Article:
Elevators are Dave's thing, even more than ketchup, mac and cheese and ranch dressing combined.(Which just sounds... disgusting) And since Niagara is the template from which Branson , Pigeon Forge, Gatlinburg, were poured there were plenty of nice, shiny, nearly brand new, but tatty places to spend your children's inheritance on by buying useless crap that'll end up in the trash within hours of your getting home. But, occasionally, there is something fairly cool, but incredibly eyesore-ish and Niagara is no exception. They call it the 'Observation Tower', although it's really a big deck with a tower stuck through the end of it. But Dude could have cared less. Because what it had, was an elevator. Right outside, behind wrought iron fences about 8 feet high, but there it was, the handicapped access elevator for the Observation Tower. Right out there were he could see it. Suddenly the Falls meant nothing more than water spilling over a table edge. All he wanted in the world was to go to that elevator. By
crawling over my recently horizontilized body if need be. Somehow I had to distract the intractable, to out hard-head the proverbial Dutchman to beguile the un-beguile-able (yeah, I know that's not actually a word) in a Titanic struggle of Wills. And, as I've said before, he's getting a little heavy to be tossing around.
   Somehow I persuaded Dude to, if not ignore the elevator, at least entertain the possibility that there were other things to look at in Niagara and the bare chance that there might be other elevators somewhere out in the vastness of the universe. Yeah... I don't know how I did it either. But I eventually managed to get him back to the railing and take some pictures. He was so distracted by the elevator-interruptus (I'm just making up words right and left) that he didn't even ham it up for the camera. After a couple of solo-shots and one or two with Raine I started to put my camera away when I heard a brisk voice saying, 'All right, parents, we're done here. Nothing more to do. Time to be moving on.' Raine and I came to a full stop. Looked at each other, and then at my son who was briskly trying to herd us on our way. 'Let's go, let's go. Nothing to see here.' he said briskly, trying to lead us off, he knew not where. Nor did he care, as long as we were moving. I mean, here we were at one of the Wonders of Nature, a moving Glory of the Natural World, and something I've been wanting to see most of my natural life. And we were being hurried along by an autistic version of a Monty Python bobby. I was seriously waiting for him to say, 'All right, all right. What's all 'is then?'. But if he called me 'Squire' I was going to dunk him in the river. 186 feet below.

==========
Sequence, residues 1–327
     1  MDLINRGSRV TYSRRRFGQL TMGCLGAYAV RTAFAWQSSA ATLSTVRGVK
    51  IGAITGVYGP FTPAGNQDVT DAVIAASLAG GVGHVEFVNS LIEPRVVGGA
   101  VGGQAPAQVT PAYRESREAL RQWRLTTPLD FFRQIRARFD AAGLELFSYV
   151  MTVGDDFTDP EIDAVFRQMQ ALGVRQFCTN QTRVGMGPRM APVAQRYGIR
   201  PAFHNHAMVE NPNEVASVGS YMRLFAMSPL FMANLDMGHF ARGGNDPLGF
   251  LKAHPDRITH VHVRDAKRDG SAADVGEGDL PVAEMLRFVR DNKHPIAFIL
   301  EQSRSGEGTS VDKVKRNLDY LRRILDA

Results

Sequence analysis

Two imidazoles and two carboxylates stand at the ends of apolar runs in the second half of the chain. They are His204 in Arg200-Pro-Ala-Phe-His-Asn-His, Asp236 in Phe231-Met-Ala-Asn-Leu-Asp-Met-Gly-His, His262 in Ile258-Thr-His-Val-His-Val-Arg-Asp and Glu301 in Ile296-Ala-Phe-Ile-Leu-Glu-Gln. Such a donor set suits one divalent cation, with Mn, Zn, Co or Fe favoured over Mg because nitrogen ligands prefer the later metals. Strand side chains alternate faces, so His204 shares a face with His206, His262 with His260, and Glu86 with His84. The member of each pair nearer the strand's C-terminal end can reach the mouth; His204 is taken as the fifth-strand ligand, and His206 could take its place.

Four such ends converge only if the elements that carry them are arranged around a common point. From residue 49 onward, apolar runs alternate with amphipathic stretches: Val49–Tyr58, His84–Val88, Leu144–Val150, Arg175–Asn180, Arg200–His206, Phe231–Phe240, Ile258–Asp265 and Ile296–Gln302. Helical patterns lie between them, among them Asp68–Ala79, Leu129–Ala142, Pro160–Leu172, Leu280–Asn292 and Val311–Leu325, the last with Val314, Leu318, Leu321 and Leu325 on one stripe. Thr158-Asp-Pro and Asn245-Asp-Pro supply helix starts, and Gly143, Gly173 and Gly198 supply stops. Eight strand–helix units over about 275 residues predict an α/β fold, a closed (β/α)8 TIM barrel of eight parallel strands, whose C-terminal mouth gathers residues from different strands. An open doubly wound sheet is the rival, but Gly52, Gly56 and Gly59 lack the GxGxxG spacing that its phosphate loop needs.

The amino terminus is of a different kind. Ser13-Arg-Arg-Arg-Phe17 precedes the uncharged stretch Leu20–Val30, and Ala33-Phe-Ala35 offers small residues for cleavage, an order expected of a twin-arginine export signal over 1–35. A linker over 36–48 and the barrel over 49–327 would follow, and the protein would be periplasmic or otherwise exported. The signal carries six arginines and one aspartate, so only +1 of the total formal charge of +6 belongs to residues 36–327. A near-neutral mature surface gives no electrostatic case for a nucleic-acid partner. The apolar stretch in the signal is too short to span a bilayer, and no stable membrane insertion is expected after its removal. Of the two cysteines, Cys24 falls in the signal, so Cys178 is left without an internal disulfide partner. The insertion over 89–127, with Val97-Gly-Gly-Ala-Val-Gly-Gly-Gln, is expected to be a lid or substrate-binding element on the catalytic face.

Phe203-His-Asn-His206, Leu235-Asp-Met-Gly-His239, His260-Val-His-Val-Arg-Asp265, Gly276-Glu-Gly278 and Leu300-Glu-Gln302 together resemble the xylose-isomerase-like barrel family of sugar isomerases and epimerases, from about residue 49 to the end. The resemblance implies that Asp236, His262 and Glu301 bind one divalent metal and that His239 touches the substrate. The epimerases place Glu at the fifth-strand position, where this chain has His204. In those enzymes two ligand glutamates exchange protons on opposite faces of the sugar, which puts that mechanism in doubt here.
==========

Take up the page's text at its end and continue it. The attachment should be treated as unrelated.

So a strange sort of tug-of-war ensued. Raine (who hadn't been to the Falls in years) and I (who'd never been) wanted a more leisurely tourist-ish experience; Wandering through the grounds, checking a couple of souvenir shops and semi-authentic Native American (Canadian) jewelry stands that dotted the park. I mean, we weren't going to buy any of that crap. Our grandchildren already aren't getting any inheritance. We just wanted to see, you know... stuff. Dave, who's the least 'stuff' oriented guy I know, just wanted to get the whole damn thing over with. He would be striding purposely along ahead of the ambling adults, 'encouraging' us to 'move along' and no matter how vigorously I yanked the (metaphorical) leash, he was soon off again. Oh he'd stick around us old fogies for a bit... To say things like, 'We need to get to the Mall/Airport/Pittsburgh to the elevators!' or 'Yep! It's certainly time we were going.' Or even 'I'm sorry, I have to work in the morning, so I must be going.' (I hadn't heard that he'd actually become employed, but if true, I was going to start charging him rent.) Every time I'd pause to take a picture he'd say, 'Yep! that's the shot. We have to get it back to the Bugle!'  He even once, in a fit of hurry-it-up desperation said, 'Oh my! It's 8 o'clock, time for bed!' It was 2:00 on a weekend afternoon, about 9 hours before he actually went to bed. The whole time he's dragging us along the path, both metaphorically and physically. Trying, I imagined, to get us out as quickly as possible to increase his chances of being near elevators he can actually use.